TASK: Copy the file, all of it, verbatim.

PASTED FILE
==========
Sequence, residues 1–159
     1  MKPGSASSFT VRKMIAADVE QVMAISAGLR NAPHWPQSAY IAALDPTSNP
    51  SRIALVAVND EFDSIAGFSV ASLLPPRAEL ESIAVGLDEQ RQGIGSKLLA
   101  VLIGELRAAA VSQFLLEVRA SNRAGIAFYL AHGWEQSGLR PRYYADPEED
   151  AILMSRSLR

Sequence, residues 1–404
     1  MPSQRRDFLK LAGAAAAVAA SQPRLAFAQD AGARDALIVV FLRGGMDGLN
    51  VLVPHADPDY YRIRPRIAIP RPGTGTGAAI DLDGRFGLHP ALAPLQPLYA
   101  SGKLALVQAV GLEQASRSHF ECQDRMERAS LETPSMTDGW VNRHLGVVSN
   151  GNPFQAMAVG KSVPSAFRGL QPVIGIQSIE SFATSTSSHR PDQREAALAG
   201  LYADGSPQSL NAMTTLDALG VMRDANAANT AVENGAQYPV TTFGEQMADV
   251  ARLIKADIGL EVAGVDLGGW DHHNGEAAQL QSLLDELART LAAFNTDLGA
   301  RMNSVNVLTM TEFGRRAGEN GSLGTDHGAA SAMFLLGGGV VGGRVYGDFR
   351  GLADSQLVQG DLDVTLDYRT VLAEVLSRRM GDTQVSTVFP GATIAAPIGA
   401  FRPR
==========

Sequence, residues 1–159
     1  MKPGSASSFT VRKMIAADVE QVMAISAGLR NAPHWPQSAY IAALDPTSNP
    51  SRIALVAVND EFDSIAGFSV ASLLPPRAEL ESIAVGLDEQ RQGIGSKLLA
   101  VLIGELRAAA VSQFLLEVRA SNRAGIAFYL AHGWEQSGLR PRYYADPEED
   151  AILMSRSLR

Sequence, residues 1–404
     1  MPSQRRDFLK LAGAAAAVAA SQPRLAFAQD AGARDALIVV FLRGGMDGLN
    51  VLVPHADPDY YRIRPRIAIP RPGTGTGAAI DLDGRFGLHP ALAPLQPLYA
   101  SGKLALVQAV GLEQASRSHF ECQDRMERAS LETPSMTDGW VNRHLGVVSN
   151  GNPFQAMAVG KSVPSAFRGL QPVIGIQSIE SFATSTSSHR PDQREAALAG
   201  LYADGSPQSL NAMTTLDALG VMRDANAANT AVENGAQYPV TTFGEQMADV
   251  ARLIKADIGL EVAGVDLGGW DHHNGEAAQL QSLLDELART LAAFNTDLGA
   301  RMNSVNVLTM TEFGRRAGEN GSLGTDHGAA SAMFLLGGGV VGGRVYGDFR
   351  GLADSQLVQG DLDVTLDYRT VLAEVLSRRM GDTQVSTVFP GATIAAPIGA
   401  FRPR